Warren Wilson: You may know him as the Penrith Panthers Group Chief Executive but he may not have be where he is today had it not been for an offer as a 19-year old, to become the Treasurer of newly formed St Marys Rugby League Club at the time. Prior to that, Wilson had been a player in the Panthers lower grades. Since that time, the last three decades have seen Wilson accumulate a love and knowledge for rugby league and work in numerous roles across different mediums. He was part of the restructuring at SKY Channel, before further showing off his astute business acumen with a five-year stint as the TAB CEO. In 2012, he stepped into the role he now has and embraces the challenges that come to him. Interestingly, just a few short years ago when former CEO David Gallop left the role, Wilson’s name also emerged as a candidate so he is not short on experience, credentials or support.

Geoff Toovey: We all remember his exploits as both a rugby league player and an NRL coach, but how would Geoff Toovey go as CEO? You may not know it, but the business aspect of life is not a stranger to the former Manly player and coach. He is a qualified chartered account and has served as a director on the board of the NRMA. That, coupled with his extensive work as a player and coach over the years with the Manly Football club, he may well be a darkhorse for the race, particularly if the NRL want someone who is in-tune with the modern game. If you were the NRL, would you pick this darkhorse?

Todd Greenberg: If his cricket career blossomed further, he may not even be in this list let alone involved with the NRL but life did not take that path for Todd Greenberg. Instead, he opted for the administrative side of things and the role he is most well-known for, is that of the Canterbury Bulldogs CEO position. At the time he came into that role, there was a lot of uncertainty as to how he would handle the role and how receptive players and fans would be to it given his relative young age and inexperienced, if you will. But, he stuck to his guns, and quickly changed fans’ views and opinions on him during that time and by the time he left, he was revered by Dogs fans for the tireless effort and hard work he put in. He left after he was appointed as the NRL’s Head of Football at the same time David Smith was made CEO. Smith has now left but Greenberg remains and has copped flak for a number of reasons, none of which are relevant to this list. That all in mind, if the NRL wants to recruit internally, Greenberg is without question the man they turn to.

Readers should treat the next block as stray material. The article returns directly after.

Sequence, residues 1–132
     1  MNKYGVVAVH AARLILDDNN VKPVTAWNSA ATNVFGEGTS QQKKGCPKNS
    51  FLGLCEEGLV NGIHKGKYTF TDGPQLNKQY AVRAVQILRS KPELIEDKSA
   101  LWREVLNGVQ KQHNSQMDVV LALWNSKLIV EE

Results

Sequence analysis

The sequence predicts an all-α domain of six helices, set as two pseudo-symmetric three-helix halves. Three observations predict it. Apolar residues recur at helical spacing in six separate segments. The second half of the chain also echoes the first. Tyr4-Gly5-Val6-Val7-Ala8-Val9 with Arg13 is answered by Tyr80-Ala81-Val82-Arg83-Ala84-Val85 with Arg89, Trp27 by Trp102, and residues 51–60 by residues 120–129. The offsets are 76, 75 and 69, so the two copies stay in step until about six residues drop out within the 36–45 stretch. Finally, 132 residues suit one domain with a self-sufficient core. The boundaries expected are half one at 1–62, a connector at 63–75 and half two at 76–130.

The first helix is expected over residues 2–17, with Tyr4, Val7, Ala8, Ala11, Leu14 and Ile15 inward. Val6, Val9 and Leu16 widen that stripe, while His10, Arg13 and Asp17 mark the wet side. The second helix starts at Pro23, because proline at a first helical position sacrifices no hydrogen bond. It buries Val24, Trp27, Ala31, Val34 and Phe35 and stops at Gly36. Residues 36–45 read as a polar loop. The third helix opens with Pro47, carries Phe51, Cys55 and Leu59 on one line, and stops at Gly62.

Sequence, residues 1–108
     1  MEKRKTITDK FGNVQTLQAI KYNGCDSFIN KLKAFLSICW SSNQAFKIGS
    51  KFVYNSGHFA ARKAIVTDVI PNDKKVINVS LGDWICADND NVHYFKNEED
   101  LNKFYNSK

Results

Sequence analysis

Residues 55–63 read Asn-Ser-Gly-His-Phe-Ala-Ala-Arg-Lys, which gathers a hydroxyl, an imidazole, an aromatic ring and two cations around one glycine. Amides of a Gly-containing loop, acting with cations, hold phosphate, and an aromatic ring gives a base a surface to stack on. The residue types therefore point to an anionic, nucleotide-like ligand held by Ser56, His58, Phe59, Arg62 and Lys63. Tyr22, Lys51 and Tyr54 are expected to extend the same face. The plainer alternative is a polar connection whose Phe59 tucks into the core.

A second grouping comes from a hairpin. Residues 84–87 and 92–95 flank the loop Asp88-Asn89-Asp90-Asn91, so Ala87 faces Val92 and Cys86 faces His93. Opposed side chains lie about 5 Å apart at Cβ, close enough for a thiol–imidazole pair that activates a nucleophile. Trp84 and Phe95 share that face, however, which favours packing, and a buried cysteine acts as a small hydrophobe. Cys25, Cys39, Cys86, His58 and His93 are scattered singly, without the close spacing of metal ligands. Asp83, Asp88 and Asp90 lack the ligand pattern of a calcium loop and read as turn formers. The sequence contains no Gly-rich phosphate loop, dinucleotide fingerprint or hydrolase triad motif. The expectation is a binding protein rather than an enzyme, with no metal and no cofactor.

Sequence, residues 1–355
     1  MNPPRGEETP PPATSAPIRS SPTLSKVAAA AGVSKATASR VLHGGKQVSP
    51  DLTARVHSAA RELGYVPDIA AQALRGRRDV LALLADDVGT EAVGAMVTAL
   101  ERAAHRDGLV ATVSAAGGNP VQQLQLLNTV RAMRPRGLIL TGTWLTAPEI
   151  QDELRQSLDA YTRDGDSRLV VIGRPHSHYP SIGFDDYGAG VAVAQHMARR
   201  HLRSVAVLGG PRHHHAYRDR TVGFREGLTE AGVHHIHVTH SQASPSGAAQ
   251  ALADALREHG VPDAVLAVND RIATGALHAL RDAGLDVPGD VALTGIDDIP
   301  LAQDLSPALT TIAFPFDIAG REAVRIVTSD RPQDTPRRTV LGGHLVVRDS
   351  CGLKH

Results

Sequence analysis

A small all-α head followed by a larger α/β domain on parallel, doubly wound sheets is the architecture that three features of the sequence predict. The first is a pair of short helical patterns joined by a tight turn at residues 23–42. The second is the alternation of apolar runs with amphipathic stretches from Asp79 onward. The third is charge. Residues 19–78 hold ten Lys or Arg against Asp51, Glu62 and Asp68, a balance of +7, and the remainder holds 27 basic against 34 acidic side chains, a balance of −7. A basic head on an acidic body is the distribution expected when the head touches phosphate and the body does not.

Raelene Castle: The woman on this list as she is the only one that has been linked to the role but when you look at what she has done, Raelene Castle may not be a bad option by any means. Bulldogs fans certainly appreciate the work she has done as their CEO during her time in the role, and she has held prominent roles in the past. A diehard North Sydney Bears fans growing up, after struggling to find her path growing up, she happened upon marketing and that changed her life forever. Her first official role came at Fuji Xerox NZ and it was there that the passion for marketing and administration only grew. As a result, that led her to role with Telecom NZ as Head of Business Marketing. Following that, in 2007, she was appointed CEO of Netball New Zealand its team the Silver Ferns before the Bulldogs came knocking on her door in 2013. Since then, she has held the mantle as Bulldogs CEO and she may be the only woman on the list but no doubt her name will continue to be raised as the NRL search for a new CEO.

Our personal pick? Well, that is an easy call. Graham Annesley.

By ricky